You can actually see this behaviour in many malloc and free (C) implementations- when you free memory, it isn't actually returned to the OS, but added to a list to be given back next time you call malloc. But we still don't suggest that free leaks memory.

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Hint: Imagine what happens if you use a Foo object, insert into it 10000 "heavy" items, and then remove all of them using pop() because you don't need them anymore in your program.

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I'm not going to flat out give you the answer, but look at what push(Object o) does that pop() doesn't do.

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In the pop() method, the item on the size (i.e, items[size-1]) is not set to NULL. As a result, there still exists reference from objects items to items[size-1], although size has been reduced by one. During GC, items[size-1] won't be collected even if there is no other object pointing to it, which leads to memory leak.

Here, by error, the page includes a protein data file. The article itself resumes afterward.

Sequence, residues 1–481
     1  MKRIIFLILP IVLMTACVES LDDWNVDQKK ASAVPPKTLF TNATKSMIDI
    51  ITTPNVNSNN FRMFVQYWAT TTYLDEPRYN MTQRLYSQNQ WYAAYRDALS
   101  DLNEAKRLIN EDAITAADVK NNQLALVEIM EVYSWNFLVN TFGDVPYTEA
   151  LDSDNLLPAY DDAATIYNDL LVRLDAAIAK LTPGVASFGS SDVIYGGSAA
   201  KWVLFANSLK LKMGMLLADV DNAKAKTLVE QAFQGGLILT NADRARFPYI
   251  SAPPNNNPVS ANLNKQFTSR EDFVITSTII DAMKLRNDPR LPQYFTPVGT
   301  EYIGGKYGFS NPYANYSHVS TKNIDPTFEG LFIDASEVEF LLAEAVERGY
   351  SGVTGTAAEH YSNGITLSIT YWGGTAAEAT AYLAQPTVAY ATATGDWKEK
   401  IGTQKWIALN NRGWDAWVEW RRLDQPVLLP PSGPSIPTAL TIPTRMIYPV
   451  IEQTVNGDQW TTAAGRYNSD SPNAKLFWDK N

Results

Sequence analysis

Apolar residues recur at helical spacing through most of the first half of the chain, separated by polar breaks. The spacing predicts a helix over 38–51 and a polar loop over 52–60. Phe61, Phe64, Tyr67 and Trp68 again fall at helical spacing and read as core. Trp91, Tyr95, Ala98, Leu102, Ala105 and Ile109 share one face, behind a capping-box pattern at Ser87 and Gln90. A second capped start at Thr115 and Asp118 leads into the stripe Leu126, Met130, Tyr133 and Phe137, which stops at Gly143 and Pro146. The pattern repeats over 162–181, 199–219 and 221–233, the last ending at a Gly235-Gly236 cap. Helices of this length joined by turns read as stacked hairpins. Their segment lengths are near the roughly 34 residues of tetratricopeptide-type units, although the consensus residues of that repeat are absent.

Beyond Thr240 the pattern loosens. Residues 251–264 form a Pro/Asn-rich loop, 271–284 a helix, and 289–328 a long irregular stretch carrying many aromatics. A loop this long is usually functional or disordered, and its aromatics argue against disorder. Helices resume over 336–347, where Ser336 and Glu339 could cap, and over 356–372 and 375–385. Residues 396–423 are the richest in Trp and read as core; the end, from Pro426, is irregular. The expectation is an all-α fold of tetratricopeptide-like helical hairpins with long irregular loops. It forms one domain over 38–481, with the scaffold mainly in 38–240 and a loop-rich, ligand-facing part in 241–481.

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Consider this demo:

Foo f = new Foo();
{
    Object o1 = new Object();
    Object o2 = new Object();
    f.push(o1);
    f.push(o2);
}

f.pop();
f.pop();

// #1. o1 and o2 still are refered in f.items, thus not deleted

f = null;

// #2. o1 and o2 will be deleted now

Several things should be improved in Foo which will fix this:

  1. In pop, you should set the items entry to null.
  2. You should introduce the opposite to checkSize, something like shrinkSize, which will make the array smaller (maybe in a similar way to checkSize).